What the hell was he talking about?
“This makes no sense,” Leni said. “How could nobody remember more? How could we not remember something like this?”
“That’s always the question, isn’t it?” Melinda muttered as she sat back in her chair. “Memories are always wiped. Any recordings are lost. Any time we try so much as to leave clues for ourselves, we don’t remember that we did half the time and can’t make sense of them the other half. It’s as if the universe is against the possibility of us actually knowing everything we need to know.”
“Maybe it is,” Mira said. “Every lifetime, no matter how high in the world echelons we’ve gone, is a chance to grow and learn.”
“We can’t possibly know everything anyway,” Uri added. “Only the Maker knows. We do our best to figure out what we can, but our meager human brains are not capable of understanding everything. It’s a waste of time to try.”
“So what does this mean for us?” Asia asked. “If nobody knows the answers, does it really mean anything at all?”
Theo leaned forward now. “It means when the times comes, you four will be expected to lead. Especially you, Jeric and Leni.”
A prickle ran down my spine. After eight years of being a loner, I hadn’t even figured out how to live in a world with other people. And they expected me to lead? Hell no.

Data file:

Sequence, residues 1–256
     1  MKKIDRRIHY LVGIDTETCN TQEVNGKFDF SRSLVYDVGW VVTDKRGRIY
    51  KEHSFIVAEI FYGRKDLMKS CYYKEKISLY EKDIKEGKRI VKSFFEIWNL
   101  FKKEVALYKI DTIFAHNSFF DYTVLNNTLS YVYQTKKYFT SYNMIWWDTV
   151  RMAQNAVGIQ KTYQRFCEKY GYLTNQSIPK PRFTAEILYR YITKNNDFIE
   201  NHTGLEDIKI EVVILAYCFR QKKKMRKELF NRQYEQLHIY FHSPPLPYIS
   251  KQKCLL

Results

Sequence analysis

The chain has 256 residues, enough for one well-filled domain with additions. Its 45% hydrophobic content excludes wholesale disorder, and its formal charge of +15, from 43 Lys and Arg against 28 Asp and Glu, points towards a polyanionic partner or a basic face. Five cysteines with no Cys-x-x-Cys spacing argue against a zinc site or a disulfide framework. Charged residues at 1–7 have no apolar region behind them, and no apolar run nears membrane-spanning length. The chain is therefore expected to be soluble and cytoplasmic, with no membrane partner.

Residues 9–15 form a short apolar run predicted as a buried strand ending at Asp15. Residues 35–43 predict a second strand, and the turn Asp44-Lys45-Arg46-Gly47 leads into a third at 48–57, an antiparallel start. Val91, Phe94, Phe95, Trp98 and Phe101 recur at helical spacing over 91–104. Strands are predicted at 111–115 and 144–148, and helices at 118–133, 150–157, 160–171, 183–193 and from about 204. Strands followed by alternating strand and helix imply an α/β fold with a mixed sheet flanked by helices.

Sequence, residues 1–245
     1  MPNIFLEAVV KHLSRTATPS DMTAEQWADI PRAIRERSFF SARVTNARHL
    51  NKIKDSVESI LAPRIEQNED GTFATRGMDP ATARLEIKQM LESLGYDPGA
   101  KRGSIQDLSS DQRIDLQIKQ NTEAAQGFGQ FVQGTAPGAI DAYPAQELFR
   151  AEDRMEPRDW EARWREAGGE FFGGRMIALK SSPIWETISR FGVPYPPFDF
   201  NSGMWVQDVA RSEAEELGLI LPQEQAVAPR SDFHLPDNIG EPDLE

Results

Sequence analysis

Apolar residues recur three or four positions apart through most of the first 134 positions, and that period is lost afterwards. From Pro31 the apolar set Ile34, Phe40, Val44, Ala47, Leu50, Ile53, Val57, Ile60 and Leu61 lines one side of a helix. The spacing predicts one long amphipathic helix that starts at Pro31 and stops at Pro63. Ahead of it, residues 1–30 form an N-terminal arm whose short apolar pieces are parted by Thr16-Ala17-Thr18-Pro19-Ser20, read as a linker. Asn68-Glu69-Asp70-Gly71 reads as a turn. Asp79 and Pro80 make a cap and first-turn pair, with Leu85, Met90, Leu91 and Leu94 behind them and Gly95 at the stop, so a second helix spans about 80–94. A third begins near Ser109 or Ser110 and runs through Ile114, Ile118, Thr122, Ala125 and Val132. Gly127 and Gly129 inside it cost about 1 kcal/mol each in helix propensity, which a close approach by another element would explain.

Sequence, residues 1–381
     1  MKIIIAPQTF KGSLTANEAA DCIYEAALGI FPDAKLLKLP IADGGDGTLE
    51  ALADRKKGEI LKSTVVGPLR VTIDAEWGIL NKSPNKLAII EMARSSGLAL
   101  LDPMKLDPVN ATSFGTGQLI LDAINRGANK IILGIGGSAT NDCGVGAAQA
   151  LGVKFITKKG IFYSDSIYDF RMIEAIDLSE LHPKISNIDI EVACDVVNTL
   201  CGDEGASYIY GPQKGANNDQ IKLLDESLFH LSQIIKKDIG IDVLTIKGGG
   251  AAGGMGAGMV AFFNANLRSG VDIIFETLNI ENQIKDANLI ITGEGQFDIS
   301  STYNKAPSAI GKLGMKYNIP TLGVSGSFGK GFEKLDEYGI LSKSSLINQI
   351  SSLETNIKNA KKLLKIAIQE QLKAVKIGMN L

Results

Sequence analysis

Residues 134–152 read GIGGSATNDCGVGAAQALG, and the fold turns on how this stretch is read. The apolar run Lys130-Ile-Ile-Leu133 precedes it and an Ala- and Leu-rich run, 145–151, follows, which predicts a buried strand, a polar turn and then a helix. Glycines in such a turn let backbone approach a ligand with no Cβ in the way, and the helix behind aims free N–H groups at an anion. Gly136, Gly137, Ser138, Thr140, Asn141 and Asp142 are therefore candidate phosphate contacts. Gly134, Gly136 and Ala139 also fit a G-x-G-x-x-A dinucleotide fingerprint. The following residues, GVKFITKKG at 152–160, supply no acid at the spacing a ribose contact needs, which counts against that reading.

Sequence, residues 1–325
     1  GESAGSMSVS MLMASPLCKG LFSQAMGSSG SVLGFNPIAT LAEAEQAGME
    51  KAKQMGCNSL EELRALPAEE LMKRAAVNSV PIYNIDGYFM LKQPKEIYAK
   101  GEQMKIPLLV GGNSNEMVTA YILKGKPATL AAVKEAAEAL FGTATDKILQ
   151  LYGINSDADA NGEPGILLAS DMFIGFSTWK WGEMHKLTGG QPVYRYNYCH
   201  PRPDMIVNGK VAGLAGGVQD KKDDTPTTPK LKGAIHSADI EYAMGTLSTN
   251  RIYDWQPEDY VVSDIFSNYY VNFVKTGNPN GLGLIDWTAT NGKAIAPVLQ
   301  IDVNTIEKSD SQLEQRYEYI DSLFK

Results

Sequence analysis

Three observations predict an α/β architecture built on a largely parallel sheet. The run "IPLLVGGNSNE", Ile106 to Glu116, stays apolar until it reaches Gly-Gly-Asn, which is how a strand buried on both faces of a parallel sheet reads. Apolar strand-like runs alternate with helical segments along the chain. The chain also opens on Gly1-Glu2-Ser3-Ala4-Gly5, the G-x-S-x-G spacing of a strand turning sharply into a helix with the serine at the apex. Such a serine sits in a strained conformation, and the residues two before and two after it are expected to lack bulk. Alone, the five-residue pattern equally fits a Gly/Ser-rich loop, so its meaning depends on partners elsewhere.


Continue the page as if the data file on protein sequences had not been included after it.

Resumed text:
“We wanted to tell you now so you can be prepared,” Uri said. “You won’t be staying here long to guard the Gate. As soon as you’re ready, you should be out in the world, doing missions, helping the Broken and Lost. And if and when crisis hits, you’ll be experienced to handle it.”
“More and more Guardians are talking about you and the Sacred Seven, which is why we thought we better tell you ourselves,” Melinda said. “You were bound to hear it from someone.”
“So … that’s it?” Brock asked. “You drop this bomb in our laps and leave it at that?”
“Well, we’re hoping you remember more,” Mira said. “We’re hoping that as the elite of all the Phoenix, you’ll be able to recall past lives more clearly. That you’ll work on trying to remember more diligently so we can all possibly learn what you know.” She gave me a pointed look. I resisted the urge to flip her off.